One of the most consistent guidances I have received in life is to always be authentic in my interactions with others. To be authentic means to be exactly who I am, to speak from my heart, and to do so with an air of confidence. In my experience, coming into myself as a full person has helped this process quite a bit. What has always come most easily is speaking from the heart. The most difficult is doing so with an air of confidence.
A friend of mine includes this by line in her emails: “be yourself—everyone else is taken.” It is a funny, but true statement. I mean, Really, who else would we be? It is a fair assumption and expectation that people present themselves as they are, instead of someone else. It is reasonable to expect people to honestly report on their feelings, their life situations. And yet, from time to time, I do hear stories from those who speak and act in a way they think others want them to speak and act. The underlying concern is usually fear, fear of rejection. That gnawing feeling that one is not good enough.
In my second conversation with the search team from First Congregational Bellevue, I was asked this question: Of all the characters in the Bible, with whom do you most resonate? I replied, “presuming Jesus is already taken, I could be most anyone in the Bible. I could be one of the disciples (alluding to the more missional part of my personality). I could even be the Phoenician woman at the well (alluding to the times in my life when I have been judged by others).” Since those answers resulted in me being called to serve as one of your pastors, I am guessing they proved adequate. It helps that my words did come from my heart, that they were truthful and showed a bit of my personality.
20+ years ago, the saying “What Would Jesus Do?” was quite popular. I later heard that question rephrased by the Rev. Linda Jaramillo to “the question is not what would Jesus do but WHAT DID JESUS DO?”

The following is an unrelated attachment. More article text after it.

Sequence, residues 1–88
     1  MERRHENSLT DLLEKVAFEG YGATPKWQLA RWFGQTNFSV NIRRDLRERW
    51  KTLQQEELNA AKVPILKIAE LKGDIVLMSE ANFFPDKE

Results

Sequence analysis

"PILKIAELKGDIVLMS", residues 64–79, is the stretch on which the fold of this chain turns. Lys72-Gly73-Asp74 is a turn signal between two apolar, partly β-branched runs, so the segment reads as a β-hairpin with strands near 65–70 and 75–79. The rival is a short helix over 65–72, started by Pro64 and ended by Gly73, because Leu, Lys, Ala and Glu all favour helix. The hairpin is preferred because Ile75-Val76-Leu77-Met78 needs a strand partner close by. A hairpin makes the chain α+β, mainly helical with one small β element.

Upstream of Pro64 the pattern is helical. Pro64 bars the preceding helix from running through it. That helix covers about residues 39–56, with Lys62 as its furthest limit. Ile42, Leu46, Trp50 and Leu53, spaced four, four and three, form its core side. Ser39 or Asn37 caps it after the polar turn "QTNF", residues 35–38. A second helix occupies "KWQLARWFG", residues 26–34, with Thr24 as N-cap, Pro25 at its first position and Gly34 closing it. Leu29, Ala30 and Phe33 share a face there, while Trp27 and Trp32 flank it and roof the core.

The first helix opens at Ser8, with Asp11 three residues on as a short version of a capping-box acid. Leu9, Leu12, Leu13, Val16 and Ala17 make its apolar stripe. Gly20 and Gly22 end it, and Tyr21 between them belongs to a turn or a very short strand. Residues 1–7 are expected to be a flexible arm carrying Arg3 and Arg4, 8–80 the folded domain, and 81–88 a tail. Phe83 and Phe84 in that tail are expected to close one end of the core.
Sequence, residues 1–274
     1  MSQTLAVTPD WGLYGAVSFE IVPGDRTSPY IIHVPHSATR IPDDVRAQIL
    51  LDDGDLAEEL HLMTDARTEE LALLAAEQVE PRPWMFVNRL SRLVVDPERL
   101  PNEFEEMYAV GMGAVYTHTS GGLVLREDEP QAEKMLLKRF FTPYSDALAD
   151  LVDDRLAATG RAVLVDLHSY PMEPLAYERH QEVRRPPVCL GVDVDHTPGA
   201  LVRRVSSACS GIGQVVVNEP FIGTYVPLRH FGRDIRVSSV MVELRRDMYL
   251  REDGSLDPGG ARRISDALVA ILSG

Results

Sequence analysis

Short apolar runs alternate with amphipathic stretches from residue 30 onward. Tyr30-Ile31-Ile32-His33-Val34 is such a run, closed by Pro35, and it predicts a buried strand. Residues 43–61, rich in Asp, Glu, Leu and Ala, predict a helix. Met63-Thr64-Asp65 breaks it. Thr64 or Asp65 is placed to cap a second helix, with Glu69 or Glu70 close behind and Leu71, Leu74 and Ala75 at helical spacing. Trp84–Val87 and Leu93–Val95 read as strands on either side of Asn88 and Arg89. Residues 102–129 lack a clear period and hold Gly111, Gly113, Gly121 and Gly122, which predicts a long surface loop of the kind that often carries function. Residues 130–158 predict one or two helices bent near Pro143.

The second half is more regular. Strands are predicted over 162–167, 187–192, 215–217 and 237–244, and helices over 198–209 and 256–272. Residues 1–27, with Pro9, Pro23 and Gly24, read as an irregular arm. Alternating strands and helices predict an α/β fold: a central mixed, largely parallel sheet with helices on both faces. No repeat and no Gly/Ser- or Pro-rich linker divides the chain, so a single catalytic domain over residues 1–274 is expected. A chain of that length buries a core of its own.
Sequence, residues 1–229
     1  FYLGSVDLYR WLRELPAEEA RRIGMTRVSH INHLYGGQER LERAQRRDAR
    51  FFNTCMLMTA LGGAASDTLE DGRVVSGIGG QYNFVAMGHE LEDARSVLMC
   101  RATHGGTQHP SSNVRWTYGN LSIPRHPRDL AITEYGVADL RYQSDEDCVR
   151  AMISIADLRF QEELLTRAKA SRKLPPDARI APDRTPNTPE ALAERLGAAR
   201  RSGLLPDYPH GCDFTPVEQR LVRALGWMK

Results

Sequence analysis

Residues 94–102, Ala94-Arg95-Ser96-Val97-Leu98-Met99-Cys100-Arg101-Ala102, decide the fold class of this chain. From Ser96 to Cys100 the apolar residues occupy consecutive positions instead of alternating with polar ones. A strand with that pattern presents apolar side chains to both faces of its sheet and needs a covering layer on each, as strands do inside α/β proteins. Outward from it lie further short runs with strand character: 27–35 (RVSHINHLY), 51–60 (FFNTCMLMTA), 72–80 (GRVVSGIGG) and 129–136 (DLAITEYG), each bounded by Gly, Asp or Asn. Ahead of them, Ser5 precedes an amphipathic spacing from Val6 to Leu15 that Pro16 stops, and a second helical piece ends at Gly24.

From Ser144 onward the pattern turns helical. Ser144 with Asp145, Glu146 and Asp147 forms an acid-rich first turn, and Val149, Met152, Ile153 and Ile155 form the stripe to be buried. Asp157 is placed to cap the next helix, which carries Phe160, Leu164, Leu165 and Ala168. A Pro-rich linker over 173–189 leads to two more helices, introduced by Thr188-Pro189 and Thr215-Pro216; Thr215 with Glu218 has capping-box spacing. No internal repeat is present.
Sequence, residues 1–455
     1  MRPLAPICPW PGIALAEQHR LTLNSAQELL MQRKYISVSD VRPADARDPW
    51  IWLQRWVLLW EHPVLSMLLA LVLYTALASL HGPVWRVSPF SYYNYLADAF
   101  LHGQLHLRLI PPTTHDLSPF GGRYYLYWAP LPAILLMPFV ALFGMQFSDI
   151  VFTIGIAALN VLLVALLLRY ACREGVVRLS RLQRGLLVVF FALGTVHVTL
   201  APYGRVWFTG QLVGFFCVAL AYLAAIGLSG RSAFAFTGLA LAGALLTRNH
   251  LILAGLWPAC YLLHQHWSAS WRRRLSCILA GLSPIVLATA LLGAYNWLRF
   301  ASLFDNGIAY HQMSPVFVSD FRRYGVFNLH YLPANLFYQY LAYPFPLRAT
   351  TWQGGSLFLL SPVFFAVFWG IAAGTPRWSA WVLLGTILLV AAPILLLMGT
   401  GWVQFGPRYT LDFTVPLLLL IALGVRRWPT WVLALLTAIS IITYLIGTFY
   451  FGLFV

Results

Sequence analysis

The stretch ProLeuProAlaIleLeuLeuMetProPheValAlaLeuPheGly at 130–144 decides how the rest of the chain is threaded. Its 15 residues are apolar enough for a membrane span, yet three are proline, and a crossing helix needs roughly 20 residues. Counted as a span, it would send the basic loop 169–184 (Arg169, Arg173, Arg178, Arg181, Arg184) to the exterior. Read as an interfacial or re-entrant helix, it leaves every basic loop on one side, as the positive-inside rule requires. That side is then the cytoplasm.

We are in a tough time right now. Time stopped this past March, creating an opening for the hidden to become evident, for the silenced to finally be heard. Any fear of rejection has been replaced by people speaking truth to power, demanding change now. Difficult conversations are being shared between the oppressed and those holding power. People are showing up and speaking up in ways not witnessed for many years, even centuries.
Norms are constantly changing and even more changes likely await us. We are all being asked to stand in solidarity and conversation with people whose life experience has been unlike ours. We are being asked to summon a courage possibly unknown to us, to speak truth to power in this moment and the next.
In seminary, my advisor would frequently speak these words to students filled with insecurity: “you have this.” In other words, you have what it takes to do the work, to learn the unknown, to claim it as your own. And while individual learning and expression is often necessary or preferred, just like 12 disciples had Jesus, we have his teachings. We have one another to help us discover and follow the path ahead of us. We have the presence of the Holy Spirit to guide and strengthen us. It is my hope, my prayer and my belief that as a faith community, “we have this.”
With Great Hope,
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